Knowledge Work(s): In Search of a Spreadsheet Aesthetics


I sympathize with the protagonist of a cartoon claiming to have transferred x amount of megabytes, physically exhausted after a day of downloading. The simple act of moving information from one place to another today constitutes a significant cultural act in and of itself. I think it's fair to say that most of us spend hours each day shifting content into different containers. Some of us call this writing.

- Kenneth Goldsmith, 2004

While Kenneth Goldsmith's wry statement about knowledge jockeying is directly discussing the plight of the contemporary author, his comments are useful for thinking about other disciplines. In editing this quote, the word "writing" could easily be replaced by any number of verbs (programming, composing, painting, storyboarding, etc.) as we undoubtedly inhabit an era where creative transposition rather than raw creativity can be enough to drive a project. The ctrl-c clipboard, the layer palette in photo editing software and the flash memory of a microcontroller are all examples of spaces that serve as staging grounds for storytelling and crafting aesthetic experiences — these are interstitial zones where art gestates. Goldsmith clearly doesn't approach the creative process with reverence, and his blasé attitude is an excellent springboard into reading contemporary artistic production in relation to knowledge work. An important question: How might we appropriate this daily activity of "shifting content between containers" as a site (rather than a means) of artistic production? This article will consider the aesthetics of the spreadsheet, and act as the first installment of a series that will engage projects that explore the documents, software, interior architecture and politics of the contemporary workplace.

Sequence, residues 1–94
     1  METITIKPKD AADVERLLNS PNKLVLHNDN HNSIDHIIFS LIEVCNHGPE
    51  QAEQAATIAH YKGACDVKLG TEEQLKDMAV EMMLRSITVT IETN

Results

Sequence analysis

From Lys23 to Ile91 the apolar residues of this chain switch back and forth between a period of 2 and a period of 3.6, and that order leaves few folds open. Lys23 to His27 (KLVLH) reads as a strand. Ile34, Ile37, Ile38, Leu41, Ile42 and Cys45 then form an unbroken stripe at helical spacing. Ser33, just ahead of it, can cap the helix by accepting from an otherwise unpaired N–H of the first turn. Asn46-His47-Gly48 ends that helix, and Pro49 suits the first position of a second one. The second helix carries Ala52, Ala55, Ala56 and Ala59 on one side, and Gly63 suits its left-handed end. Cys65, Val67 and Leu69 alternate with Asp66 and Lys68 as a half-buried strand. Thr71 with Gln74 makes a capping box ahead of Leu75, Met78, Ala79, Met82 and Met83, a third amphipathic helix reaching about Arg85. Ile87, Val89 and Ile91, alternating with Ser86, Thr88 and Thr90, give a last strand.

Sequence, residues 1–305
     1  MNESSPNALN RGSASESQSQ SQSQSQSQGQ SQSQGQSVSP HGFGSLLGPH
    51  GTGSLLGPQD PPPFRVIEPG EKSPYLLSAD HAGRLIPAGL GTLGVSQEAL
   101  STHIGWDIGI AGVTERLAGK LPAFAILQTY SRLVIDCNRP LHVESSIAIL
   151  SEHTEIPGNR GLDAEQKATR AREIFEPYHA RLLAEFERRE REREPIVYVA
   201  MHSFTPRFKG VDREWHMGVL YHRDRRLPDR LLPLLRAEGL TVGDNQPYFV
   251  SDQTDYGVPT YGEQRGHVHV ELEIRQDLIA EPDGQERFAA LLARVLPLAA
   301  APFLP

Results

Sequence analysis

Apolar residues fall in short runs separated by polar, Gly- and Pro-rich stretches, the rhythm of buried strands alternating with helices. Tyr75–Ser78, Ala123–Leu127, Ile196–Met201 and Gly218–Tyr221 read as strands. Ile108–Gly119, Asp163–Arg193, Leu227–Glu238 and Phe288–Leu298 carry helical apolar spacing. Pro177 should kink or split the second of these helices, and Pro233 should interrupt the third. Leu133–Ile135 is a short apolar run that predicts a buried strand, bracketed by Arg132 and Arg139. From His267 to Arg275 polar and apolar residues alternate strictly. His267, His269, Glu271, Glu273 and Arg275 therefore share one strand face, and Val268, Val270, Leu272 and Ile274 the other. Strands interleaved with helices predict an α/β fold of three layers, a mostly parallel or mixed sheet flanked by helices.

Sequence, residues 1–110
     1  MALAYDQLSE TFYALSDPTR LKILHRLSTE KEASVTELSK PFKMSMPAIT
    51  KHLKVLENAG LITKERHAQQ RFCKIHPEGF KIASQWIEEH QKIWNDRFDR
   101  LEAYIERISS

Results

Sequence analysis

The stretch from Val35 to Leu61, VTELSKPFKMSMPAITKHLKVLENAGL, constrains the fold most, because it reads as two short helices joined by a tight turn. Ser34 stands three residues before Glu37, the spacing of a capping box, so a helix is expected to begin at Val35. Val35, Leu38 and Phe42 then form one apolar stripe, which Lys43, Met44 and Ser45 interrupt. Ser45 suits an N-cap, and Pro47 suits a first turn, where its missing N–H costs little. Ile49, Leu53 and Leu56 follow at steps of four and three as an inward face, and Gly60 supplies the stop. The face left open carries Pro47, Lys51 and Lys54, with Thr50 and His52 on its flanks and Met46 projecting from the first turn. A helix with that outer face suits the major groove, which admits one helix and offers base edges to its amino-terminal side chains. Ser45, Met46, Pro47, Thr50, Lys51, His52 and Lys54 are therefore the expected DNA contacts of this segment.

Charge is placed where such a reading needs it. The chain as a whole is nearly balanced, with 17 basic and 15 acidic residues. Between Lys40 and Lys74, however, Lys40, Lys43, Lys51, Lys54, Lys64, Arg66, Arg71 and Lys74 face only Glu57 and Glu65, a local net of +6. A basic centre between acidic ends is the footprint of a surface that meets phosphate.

Imperfect Sound Forever


Many scholars within the field of media archaeology opt to focus on the backstory behind an influential medium or technology and map out how its inception and organizational logic (re)shaped the world. An alternative approach is the excavation and arrangement of fringe/forgotten prototypes into an array to problematize dominant historical narratives regarding technological progress. Caleb Kelly's recent text Cracked Media: The Sound of Malfunction uses two consumer technologies, the phonograph and the compact disc, to survey 20th century musical and artistic production. The book catalogs a broad range of experimentation with these playback technologies to create detailed timelines of misuse and critical engagement. In bracketing this realm of sound-producing practice, Kelly proposes "cracked media," a subversion of technological devices whereby "...tools of media playback are expanded beyond their original function as a simple playback device for prerecorded sound or image." Given the prominence of the glitch and lo-fi malformed digital artifacts everywhere from media art to pop music to web video, it is easy to take the aesthetics of failure for granted. The investigation executed within Cracked Media prefigures many of the discussions that underpin generative and glitch aesthetics by focusing on work that foregrounds and interrogates the materiality of two specific mediums. Kelly methodically tracks projects that subvert the CD and phonograph over the entire 20th century and in doing so he builds a fascinating discourse about musical performance and reproduction that is equally comfortable referencing Friedrich Kittler as DJ Qbert.



Discussions (37) Opportunities (5) Events (15) Jobs (0)
DISCUSSION

call for work (text/installation/visual art) - vague terrain 05 minimalism


vague terrain 05: minimalism

The German Architect Mies van der Rohe

DISCUSSION

announcing vague terrain 04: the body digital


vague terrain 04: the body digital is now live

The fourth issue of the Toronto based digital arts quarterly is
dedicated to surveying contemporary conceptions of the body in light of
digital technology. This issue features work from: Andrea Polli, Andrew
Bucksbarg, Chris Twomey, Ellen Waterman, Jenny Mason, Skyapnea, Suguro